Thursday, October 14, 2010

POPnews (UK) - October 14th

[It is two seconds of footage and a revolution all in one... Captured on celluloid strip film at 12 frames per second on location at Oakwood Grange - the Yorkshire home of Joseph and Sarah Whitley (themselves the parents of the photographer's wife Elizabeth) and featuring not only the Whitleys and their other daughter Harriet but young Adolphe Le Prince as well - surely no one at the time could have predicted the modern-day marvels to which the so-called Roundhay Garden Scene would one day lead. Down the garden path indeed...]

1066 - The opening engagement in the Norman Conquest, the Battle of Hastings was fought on Senlac Hill (actually seven miles from Hastings) where the forces of William the Conqueror defeated the English army and killed King Harold II.

1586 - Mary, Queen of Scots, went on trial for conspiring against England's Queen Elizabeth I.

1812 - Work began on London's Regent's Canal.

1888 - Louis Le Prince filmed the first motion picture, Roundhay Garden Scene.

1913 - An explosion at a colliery in Senghenydd, Wales, killed 439; in terms of loss of life, it's the worst such disaster in history.

Photobucket1926 - The children's book Winnie-the-Pooh, by A.A. Milne, was first published... Featuring charming illustrations by E. H. Shepard, the stories concern the adventures of a bear and his friends in the Hundred Acre Wood (itself based on Ashdown Forest in East Sussex) and quickly lodged themselves into the consciousness of children around the world - in the process seemingly engendering a great deal of resentment in the boy for whom they were written, Christopher Robin Milne. It was the younger Milne's Alpha Farnell teddy bear Edward who partially served as the model for the hapless hero, although a Canadian black bear called Winnie (short for Winnipeg) at the London Zoo provided his nickname.

- The Nazi U-Boat U-47 sank the British battleship HMS Royal Oak: of the ship's complement of 1,234 men and boys, 833 were killed that night or died later of their wounds.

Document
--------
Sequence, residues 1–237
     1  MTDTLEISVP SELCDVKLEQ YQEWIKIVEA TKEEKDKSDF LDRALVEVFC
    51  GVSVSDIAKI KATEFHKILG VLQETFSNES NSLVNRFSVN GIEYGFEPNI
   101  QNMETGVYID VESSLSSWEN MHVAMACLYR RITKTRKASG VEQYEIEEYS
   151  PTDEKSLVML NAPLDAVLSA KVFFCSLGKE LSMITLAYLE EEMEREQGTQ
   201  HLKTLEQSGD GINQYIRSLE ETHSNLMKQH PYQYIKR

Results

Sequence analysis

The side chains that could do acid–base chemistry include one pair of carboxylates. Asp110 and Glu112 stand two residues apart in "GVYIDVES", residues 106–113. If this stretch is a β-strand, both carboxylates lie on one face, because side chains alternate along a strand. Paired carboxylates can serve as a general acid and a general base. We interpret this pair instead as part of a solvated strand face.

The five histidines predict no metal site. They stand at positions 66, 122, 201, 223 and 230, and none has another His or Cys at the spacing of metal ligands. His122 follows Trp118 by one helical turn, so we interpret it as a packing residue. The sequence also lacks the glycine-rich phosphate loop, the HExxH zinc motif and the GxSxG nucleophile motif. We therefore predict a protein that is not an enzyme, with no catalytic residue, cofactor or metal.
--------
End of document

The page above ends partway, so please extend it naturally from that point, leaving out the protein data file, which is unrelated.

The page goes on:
- The Balham tube disaster killed at least 65 (and as many as 68) besides injuring a further 70 during the Blitz when a 1400kg semi-armour piercing fragmentation bomb exploded above what was, in fact, a makeshift air raid shelter - filling the tunnel with debris and water from broken mains. The site of the tragedy is today marked by a plaque, while the flooding is briefly portrayed in Ian McEwan's novel Atonement, as well as in the film based on the book.

1954 - Ethiopian Emperor Haile Selassie made an historic visit to the United Kingdom, wherein he was hosted by The Queen and the Duke of Edinburgh.

Photobucket1969 - The new 7-sided 50p piece - intended to replace the 10-shilling note in advance of the impending decimalisation of British currency - was introduced amidst confusion and controversy. Although it was the third decimal coin to be introduced (the 5p and 10p had previously entered circulation, with the 2p, 1p, and half-pence coin to soon follow) it was thought to be too easily confused with the 10p, despite its heptagonal shape; at the time of its release, Britain's 50p was the only seven-sided coin in the world. Some 120 million were minted during this introductory period, making for the largest ever issue of a coin in history. So prevalent is it that there are even several of them in the collection of the Pop Culture Institute.

1983 - Conservative Cabinet Minister Cecil Parkinson resigned following the revelation of his affair with his secretary Sara Keays, which had resulted in the birth of a child; despite all the blather over 'family values' made by the Thatcher government, Parkinson has never met his daughter...
share on: facebook

No comments: